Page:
Suicide is not a rational answer to man’s suffering. Von Goethe himself exhorts his reader “to be a man and not follow Werther (13).” It is hard to give Werther’s character sympathy for a self-destructive tendency. Even Lotte can perceive his ruinous path: “Do you not sense that you are deceiving yourself and willing your own destruction? (115).” Rather than being a man and admitting his culpability, he acts like a child.
Werther’s disposition supports his decision for taking his own life. It is not uncommon for an artist with “. . . a soft heart and a fiery imagination (13)” to take their own life. Werther sees suicide as strength rather than weakness. In his argument with Albert over this question he states “. . . in my opinion it would be as misconceived to call a man cowardly for taking his own life as it would be to say a man who dies of a malignant fever was a coward (62).”
Werther identifies with children and esteems himself for his charitable donations. He boasts to his friend that “[t]he common people of the town already know and love me, the children in particular (28).” He is a daydreamer and, like a child, often over-dramatizes his troubles. In his March 16th letter he complains: “Everything is conspiring against me (82).” He stretches the truth and exaggerates reality. Months later he acknowledges that he does not suffer alone. “At times I say to myself: your fate is unique; consider other mortals as happy?none has ever been as tormented as you.?Then I read the work of an ancient poet and it is as if I were contemplating my own heart. I have so much to endure! Ah, have ever men before me been so miserable? (101).” Werther is aware of his self-absorption, but he cannot control his turbulent heart. He admits to “. . .treating my poor heart like an ailing child; every whim is granted (28).” Werther states in his first letter, “How happy I am to be away! My friend, what a thing is the heart of man! (25).” He is like a child, driven by his emotions rather than his intellect. He berates himself for his addiction to lamentation. He states again, “I promise I shall improve, and will not keep on chewing over some morsel of misfortune doled out by fate, as I always have done (25).”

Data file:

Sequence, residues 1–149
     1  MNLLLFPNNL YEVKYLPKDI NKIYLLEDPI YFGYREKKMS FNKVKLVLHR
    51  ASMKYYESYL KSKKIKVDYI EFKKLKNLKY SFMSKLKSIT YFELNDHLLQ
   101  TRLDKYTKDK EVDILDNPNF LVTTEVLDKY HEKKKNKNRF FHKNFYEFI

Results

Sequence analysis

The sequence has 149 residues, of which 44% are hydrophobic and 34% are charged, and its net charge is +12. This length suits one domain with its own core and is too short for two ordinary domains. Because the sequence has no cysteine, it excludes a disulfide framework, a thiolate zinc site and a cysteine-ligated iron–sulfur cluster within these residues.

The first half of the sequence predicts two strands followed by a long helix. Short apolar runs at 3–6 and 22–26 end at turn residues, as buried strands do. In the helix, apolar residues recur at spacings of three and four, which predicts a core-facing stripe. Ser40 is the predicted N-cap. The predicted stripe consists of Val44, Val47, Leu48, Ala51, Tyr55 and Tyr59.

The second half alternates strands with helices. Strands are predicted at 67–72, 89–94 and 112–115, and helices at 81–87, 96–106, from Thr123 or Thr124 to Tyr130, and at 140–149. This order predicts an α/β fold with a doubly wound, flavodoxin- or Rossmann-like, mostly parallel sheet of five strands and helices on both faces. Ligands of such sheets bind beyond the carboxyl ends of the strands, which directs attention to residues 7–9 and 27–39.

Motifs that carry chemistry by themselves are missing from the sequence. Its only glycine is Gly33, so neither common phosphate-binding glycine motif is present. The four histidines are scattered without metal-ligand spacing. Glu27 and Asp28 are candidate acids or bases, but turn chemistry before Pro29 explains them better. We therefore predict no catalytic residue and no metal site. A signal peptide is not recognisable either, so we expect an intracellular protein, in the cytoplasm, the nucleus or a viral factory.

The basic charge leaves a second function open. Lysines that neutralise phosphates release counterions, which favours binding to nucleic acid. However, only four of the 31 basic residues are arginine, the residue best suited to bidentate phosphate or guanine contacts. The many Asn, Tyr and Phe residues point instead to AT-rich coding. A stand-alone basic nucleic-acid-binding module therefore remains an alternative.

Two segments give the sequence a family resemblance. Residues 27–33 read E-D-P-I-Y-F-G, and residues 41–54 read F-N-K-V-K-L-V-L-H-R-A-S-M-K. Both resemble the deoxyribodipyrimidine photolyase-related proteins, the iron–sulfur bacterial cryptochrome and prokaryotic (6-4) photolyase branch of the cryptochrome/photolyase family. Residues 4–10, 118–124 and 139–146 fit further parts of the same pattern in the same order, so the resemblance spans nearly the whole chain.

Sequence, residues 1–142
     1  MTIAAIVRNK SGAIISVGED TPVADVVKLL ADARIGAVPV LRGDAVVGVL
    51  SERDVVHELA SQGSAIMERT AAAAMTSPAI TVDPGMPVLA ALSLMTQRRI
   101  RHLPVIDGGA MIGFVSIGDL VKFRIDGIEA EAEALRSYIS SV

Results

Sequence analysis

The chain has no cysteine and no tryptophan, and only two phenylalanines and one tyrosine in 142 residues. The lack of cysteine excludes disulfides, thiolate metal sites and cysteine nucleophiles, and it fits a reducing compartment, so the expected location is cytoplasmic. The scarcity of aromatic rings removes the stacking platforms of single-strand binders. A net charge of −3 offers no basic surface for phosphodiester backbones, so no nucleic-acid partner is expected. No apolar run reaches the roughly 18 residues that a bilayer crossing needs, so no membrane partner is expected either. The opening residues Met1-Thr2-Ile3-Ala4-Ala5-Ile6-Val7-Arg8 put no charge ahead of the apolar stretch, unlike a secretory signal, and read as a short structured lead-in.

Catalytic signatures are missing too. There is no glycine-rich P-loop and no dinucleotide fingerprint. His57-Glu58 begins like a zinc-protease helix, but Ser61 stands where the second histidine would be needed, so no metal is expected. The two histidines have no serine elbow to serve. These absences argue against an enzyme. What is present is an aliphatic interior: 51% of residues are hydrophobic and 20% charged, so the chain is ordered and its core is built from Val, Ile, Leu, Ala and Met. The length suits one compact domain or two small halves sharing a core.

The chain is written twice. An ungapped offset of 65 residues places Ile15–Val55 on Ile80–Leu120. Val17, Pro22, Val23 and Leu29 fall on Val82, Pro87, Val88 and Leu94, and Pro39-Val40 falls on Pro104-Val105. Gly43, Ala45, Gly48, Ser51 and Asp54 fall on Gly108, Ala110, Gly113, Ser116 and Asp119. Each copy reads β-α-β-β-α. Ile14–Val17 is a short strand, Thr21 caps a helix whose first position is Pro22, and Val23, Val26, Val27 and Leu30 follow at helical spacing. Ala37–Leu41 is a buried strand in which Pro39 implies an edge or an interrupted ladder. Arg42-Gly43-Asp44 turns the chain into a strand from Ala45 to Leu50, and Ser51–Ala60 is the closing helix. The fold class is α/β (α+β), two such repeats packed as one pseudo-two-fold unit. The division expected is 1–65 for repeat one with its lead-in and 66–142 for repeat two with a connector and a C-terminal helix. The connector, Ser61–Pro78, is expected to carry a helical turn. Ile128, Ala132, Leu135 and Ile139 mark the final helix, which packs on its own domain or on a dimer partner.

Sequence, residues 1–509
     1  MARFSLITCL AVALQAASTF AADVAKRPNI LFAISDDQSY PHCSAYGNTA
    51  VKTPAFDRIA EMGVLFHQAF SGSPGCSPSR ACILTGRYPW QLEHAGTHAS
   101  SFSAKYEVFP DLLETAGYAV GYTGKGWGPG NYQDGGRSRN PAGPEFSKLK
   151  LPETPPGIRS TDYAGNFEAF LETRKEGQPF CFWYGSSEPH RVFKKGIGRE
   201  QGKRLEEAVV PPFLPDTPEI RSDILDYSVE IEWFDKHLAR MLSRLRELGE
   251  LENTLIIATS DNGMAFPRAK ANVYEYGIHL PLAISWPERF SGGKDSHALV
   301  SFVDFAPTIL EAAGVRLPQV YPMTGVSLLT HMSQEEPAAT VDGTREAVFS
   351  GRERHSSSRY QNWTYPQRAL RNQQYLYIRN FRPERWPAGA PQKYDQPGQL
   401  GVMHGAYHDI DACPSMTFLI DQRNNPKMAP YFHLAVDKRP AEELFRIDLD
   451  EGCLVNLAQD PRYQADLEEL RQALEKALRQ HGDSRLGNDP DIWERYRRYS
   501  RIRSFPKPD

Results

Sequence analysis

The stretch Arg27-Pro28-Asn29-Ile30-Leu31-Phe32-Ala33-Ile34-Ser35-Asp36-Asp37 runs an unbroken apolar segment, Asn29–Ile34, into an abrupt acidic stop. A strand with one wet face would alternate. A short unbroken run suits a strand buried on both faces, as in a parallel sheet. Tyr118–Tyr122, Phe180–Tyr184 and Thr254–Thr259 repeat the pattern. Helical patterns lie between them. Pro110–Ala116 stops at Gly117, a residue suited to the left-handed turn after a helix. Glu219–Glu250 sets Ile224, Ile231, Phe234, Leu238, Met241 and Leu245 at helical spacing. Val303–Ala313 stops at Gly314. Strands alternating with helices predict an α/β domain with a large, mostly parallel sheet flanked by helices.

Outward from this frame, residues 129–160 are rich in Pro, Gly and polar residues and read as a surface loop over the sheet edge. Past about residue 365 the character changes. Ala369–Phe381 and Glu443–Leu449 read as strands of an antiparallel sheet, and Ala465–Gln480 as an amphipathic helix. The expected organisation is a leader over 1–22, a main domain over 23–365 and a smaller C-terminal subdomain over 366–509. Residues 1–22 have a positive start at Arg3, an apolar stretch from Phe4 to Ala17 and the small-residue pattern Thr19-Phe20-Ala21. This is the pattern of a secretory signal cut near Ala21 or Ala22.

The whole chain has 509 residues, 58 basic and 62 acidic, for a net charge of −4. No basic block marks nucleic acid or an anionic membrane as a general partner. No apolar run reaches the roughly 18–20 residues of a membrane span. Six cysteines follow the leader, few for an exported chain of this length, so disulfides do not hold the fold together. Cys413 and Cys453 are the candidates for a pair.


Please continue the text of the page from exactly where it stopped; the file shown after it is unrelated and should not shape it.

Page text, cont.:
Werther childishly desires the unattainable (Lotte). In his letter to Wilhelm of October 30th, he justifies this unreasonable pursuit. “Do not children reach out for everything that attracts them??The why should not I? (98).” The object of his desire is aware of this and points it out to him: “I fear, I very much fear that what makes the desire to possess me so attractive is its very impossibility (115).” Werther preaches what he doesn’t practice. He abhors ill-humour, but is possessed by it himself when he cannot triumph. In admiration he says of Albert, “He seems to be almost free of ill-humour, which as you know is the human evil I loathe above all others (57).” He argues vehemently: “Is not ill-humour in fact our own inner displeasure at our own unworthiness, a feeling of discontent with ourselves, which is always related to envy, which in turn is stirred up by foolish vanity? (49).” He calls ill-humour “. . .a kind of indolence (48)”, yet he himself succumbs to what he disdains. After his attempt to save a murderer fails he “. . . sank all the more deeply into a state of inactivity and pain (110).” In ruminating about his life he feel that his misery is a “. . . vindication of inactivity (111).” Falling deeper into depression, he becomes what he hates, an ill-humoured man.